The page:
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Science  07 Jan 2000:
Vol. 287, Issue 5450, pp. 7
DOI: 10.1126/science.287.5450.7c

Long dismissed as DNA's bland cousin, RNA is now attracting attention for talents that go beyond serving merely as a template for making proteins. Bits of RNA are under study as catalysts, as targets for drugs, and even as possible players in the origin of life. As with proteins, structure dictates function for these single strands of nucleotides. Need to know the shape of a particular folded RNA molecule? Run your sequence past Michael Zuker's RNA pages.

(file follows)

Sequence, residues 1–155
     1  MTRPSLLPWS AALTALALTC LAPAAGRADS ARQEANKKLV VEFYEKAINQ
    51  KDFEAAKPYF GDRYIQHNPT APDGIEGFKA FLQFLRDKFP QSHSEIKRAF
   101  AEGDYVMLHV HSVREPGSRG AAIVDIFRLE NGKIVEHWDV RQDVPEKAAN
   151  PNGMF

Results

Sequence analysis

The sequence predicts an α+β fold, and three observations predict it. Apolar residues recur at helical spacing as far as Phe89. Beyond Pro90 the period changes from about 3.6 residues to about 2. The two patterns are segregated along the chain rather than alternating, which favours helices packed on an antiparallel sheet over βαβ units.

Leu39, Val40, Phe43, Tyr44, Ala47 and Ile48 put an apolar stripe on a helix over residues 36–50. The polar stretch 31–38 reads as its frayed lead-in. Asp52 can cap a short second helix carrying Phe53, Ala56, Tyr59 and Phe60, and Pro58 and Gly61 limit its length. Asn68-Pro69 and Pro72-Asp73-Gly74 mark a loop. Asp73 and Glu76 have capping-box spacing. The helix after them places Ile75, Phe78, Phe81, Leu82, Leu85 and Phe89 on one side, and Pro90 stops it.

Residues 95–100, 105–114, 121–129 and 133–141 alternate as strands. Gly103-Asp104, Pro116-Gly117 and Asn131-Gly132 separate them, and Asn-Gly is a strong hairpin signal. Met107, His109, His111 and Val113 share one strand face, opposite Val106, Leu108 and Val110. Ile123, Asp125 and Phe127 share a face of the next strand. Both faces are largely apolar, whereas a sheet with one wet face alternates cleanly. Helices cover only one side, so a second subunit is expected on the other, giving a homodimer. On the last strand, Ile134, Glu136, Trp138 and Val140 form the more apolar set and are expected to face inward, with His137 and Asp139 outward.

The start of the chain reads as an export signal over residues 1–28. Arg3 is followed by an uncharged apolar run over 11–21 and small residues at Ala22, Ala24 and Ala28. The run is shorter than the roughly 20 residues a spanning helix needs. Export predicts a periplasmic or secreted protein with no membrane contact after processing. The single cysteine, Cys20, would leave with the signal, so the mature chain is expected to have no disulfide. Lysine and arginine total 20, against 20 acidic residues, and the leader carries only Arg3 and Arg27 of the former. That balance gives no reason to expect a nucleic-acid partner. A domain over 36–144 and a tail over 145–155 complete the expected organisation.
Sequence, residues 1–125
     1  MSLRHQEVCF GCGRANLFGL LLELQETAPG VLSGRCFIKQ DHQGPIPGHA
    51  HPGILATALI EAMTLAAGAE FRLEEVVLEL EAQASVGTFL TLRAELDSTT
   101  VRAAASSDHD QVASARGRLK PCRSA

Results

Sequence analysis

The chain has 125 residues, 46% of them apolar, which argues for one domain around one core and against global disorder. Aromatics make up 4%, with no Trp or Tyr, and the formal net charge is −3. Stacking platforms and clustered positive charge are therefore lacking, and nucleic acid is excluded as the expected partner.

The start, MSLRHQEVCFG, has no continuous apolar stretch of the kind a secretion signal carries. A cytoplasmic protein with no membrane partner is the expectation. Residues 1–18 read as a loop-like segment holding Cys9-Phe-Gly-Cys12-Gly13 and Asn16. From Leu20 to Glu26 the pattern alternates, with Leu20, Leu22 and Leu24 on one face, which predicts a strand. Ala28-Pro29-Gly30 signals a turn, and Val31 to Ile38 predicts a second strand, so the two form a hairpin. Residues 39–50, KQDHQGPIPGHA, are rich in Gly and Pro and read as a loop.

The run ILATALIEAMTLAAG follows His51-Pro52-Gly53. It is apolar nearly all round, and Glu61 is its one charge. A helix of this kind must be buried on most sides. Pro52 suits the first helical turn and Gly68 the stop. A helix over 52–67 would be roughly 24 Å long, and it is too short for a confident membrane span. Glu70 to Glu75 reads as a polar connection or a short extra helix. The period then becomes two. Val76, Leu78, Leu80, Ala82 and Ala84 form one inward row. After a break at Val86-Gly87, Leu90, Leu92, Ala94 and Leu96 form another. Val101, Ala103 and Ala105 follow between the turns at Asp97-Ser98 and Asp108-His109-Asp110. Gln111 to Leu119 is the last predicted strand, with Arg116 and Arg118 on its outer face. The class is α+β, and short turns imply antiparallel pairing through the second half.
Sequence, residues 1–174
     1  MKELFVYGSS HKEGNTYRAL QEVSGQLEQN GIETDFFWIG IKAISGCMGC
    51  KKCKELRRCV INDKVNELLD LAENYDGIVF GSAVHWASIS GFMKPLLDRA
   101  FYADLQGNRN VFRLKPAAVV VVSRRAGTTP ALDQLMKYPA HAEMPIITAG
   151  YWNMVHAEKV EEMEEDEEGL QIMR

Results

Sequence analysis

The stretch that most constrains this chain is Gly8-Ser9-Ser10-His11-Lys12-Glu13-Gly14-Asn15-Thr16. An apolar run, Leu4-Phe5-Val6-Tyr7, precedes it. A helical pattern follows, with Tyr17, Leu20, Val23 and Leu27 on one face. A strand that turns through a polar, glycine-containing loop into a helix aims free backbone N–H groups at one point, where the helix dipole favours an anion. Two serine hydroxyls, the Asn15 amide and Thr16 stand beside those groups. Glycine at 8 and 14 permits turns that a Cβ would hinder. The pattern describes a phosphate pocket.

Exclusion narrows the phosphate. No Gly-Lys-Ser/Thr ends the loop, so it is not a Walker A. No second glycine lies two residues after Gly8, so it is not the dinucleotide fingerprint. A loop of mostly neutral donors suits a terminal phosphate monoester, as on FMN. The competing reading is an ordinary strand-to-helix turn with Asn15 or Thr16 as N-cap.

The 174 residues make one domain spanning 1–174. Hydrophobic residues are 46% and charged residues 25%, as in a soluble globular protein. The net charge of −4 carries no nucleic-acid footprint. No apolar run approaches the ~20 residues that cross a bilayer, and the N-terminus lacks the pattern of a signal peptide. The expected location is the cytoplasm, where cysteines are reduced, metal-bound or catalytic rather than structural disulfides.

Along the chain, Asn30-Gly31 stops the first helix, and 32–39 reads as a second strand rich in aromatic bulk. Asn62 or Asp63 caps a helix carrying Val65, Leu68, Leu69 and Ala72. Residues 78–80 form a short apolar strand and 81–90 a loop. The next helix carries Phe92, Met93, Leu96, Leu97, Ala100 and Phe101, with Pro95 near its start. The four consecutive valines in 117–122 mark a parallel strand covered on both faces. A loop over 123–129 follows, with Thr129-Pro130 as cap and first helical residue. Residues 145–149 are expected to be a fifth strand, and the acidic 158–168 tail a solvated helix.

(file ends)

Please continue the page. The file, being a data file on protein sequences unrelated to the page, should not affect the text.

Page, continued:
Several hundred requests to fold a molecule arrive each day, says Zuker, a biomathematician at Washington University in St. Louis. His algorithm, which assumes an RNA molecule will relax into the least energy-demanding pose, churns out illustrations of possible two-dimensional structures along with graphs of their energy states. Users can also browse Zucker's lectures on RNA folding or ask him a question in the site's guestbook. Still not satiated? Follow external links to RNA-oriented databases, journals, and texts—such as the intro to the 1993 book The RNA World, which describes the era before DNA, in which RNA may have performed the roles of DNA and enzymes. Other links dispense more software. The Universität Bielefeld in Germany, for example, offers folding animations: Watch an RNA molecule stretch, jiggle, and bend into a shape resembling an off-kilter vase.∼zuker/rna

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